07 Feb 2022

Joint industry letter on the NIS2 trilogue negotiations

Our associations, representing sectors central to Europe’s digital transformation, welcome the recently launched institutional trilogue negotiations on a new Directive on measures for a high common level of cybersecurity across the Union (NIS2). To achieve the proposal’s aim of tackling the limitations of the current regime and achieving a more harmonised level of cybersecurity, the final text must be clear and reliable.

Our common priority through the NIS reform should be to remove inconsistencies in resilience across Europe and sectors by ensuring a high level of harmonisation. In doing so, we must also ensure that the reform does not unduly hamper the many entities that will be subject to the new framework.

To this end, we urge co-legislators to focus on the following:

  • Scope. Risk-based, objective criteria should guide Member States’ identification of essential and important entities. More reassurance should be provided in the final text that only truly critical entities will be included, and too much flexibility for Member States should be prevented. We invite co-legislators to consider an exclusion for SMEs – not only micro and small businesses – unless they meet relevant criteria for criticality. The final text should also make it clear that only activities within the EU are in scope, as stipulated in the Parliament position. This is particularly important for manufacturing.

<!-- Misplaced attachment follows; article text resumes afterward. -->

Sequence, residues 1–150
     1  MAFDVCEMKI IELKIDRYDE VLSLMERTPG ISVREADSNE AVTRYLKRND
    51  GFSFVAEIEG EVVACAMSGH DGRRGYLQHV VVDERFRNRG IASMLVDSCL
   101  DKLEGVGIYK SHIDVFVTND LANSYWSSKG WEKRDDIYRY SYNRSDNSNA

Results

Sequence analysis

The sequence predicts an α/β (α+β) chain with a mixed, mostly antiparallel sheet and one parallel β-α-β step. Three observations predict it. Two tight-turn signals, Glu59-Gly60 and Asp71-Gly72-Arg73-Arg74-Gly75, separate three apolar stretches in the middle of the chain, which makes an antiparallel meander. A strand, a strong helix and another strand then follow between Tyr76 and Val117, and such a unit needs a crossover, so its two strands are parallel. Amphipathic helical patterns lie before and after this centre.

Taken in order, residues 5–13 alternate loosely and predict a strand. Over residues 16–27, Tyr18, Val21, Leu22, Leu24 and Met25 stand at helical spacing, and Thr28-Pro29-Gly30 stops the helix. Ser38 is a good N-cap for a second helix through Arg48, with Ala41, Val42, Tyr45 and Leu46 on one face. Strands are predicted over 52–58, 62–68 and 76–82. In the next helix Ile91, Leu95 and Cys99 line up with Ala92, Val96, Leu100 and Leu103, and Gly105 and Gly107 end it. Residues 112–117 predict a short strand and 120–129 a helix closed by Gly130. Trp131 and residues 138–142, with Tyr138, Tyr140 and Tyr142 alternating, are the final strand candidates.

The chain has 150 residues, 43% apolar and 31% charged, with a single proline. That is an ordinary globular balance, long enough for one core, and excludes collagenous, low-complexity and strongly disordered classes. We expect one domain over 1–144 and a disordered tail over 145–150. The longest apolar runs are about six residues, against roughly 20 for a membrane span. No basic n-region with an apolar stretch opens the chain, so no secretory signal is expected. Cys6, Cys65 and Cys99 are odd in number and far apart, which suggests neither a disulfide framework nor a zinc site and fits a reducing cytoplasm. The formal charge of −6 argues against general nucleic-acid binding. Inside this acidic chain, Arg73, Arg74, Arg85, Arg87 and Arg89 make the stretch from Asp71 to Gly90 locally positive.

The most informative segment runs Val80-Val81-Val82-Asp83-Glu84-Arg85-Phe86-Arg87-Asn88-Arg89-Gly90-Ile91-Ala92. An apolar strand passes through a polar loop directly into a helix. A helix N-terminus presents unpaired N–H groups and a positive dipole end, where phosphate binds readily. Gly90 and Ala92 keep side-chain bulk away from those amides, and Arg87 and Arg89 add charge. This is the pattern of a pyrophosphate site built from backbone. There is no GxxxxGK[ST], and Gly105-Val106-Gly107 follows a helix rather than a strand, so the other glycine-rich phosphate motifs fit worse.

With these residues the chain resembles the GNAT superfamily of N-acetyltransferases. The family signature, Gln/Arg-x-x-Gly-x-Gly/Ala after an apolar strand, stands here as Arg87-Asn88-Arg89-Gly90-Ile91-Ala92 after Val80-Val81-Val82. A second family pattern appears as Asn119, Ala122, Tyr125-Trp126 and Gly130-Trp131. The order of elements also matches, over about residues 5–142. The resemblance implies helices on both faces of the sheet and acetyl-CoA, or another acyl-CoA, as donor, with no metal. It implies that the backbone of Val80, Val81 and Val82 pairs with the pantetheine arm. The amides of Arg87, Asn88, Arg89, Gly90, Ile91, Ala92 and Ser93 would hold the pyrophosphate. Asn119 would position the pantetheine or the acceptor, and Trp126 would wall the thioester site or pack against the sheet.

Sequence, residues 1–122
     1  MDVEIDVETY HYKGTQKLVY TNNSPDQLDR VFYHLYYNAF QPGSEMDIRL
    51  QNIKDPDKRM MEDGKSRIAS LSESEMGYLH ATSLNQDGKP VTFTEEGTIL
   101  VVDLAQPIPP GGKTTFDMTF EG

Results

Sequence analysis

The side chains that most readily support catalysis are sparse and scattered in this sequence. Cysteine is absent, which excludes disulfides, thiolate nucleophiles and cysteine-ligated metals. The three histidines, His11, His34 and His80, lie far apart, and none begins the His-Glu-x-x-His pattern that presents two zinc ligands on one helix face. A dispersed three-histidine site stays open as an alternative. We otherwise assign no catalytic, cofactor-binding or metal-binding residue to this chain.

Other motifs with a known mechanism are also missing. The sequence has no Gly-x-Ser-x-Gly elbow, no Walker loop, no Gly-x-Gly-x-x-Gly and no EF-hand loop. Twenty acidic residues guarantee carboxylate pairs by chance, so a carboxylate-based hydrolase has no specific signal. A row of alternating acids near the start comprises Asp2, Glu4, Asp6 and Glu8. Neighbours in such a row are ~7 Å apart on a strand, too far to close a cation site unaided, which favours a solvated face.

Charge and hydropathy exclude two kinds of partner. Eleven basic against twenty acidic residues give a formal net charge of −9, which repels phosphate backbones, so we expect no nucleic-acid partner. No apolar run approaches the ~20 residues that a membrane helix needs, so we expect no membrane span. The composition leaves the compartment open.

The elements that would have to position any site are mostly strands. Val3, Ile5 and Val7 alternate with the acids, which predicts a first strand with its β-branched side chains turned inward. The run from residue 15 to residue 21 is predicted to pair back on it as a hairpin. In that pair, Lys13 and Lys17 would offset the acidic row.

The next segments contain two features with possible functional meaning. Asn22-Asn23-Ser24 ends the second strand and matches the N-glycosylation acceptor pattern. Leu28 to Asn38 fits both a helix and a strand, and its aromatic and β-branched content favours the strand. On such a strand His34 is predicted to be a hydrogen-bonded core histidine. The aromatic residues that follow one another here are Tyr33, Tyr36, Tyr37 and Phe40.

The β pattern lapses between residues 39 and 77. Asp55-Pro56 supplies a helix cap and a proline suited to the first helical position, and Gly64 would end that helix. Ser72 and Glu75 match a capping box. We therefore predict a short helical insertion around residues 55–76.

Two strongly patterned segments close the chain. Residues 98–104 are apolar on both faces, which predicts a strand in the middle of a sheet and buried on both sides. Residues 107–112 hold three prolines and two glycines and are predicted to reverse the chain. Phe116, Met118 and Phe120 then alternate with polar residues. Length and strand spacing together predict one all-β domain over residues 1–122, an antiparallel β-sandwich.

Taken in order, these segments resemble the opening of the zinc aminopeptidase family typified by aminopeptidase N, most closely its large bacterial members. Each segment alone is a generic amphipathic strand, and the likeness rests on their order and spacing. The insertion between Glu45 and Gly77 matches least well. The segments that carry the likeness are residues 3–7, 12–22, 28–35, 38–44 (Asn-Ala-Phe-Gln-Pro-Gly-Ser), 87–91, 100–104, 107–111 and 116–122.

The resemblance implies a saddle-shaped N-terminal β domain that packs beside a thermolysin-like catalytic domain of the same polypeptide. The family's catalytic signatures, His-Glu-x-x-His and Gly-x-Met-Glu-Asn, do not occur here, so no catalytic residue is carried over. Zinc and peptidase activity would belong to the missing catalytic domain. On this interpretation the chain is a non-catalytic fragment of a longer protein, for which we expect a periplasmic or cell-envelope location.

• Reporting obligations. We welcome both co-legislators’ efforts to ensure that efforts go towards reporting significant incidents, as opposed to potential threats that would merely overburden entities and authorities alike. The Parliament, in addition, has reintroduced and expanded on criteria to determine an incident’s significance. We urge the co-legislators to converge around a final 72-hour deadline for incident notification, which will help entities focus on mitigating incidents in the crucial phases of their emergence. We also support the Parliament’s position that the establishment of a single entry point for all notifications under NIS2 and other legislation should be mandatory for Member States.
  • Certification. There should be no fragmentation as to if and how cybersecurity certification schemes are mandated to demonstrate compliance with NIS2. Individual Member States should be encouraging the use of certification, not mandating it. Schemes should instead only be mandated by the European Commission through delegated acts, and subject to the rigorous assessment of existing schemes stipulated under Art. 56 of the Cybersecurity Act.
  • Link with sector-specific laws. Entities should have clarity as to the cybersecurity obligations they are subject to. We welcome the Council’s inclusion of a dedicated article setting out conditions for equivalence of risk management and incident notification measures under sectorial laws, tasking the Commission to conduct periodical reviews.

We look forward to engaging with the European Parliament and the Council to ensure these crucial aspects are soon reflected in the final agreement.


For more information, please contact:
Zoey Stambolliu
Manager for Infrastructure & Security Policy
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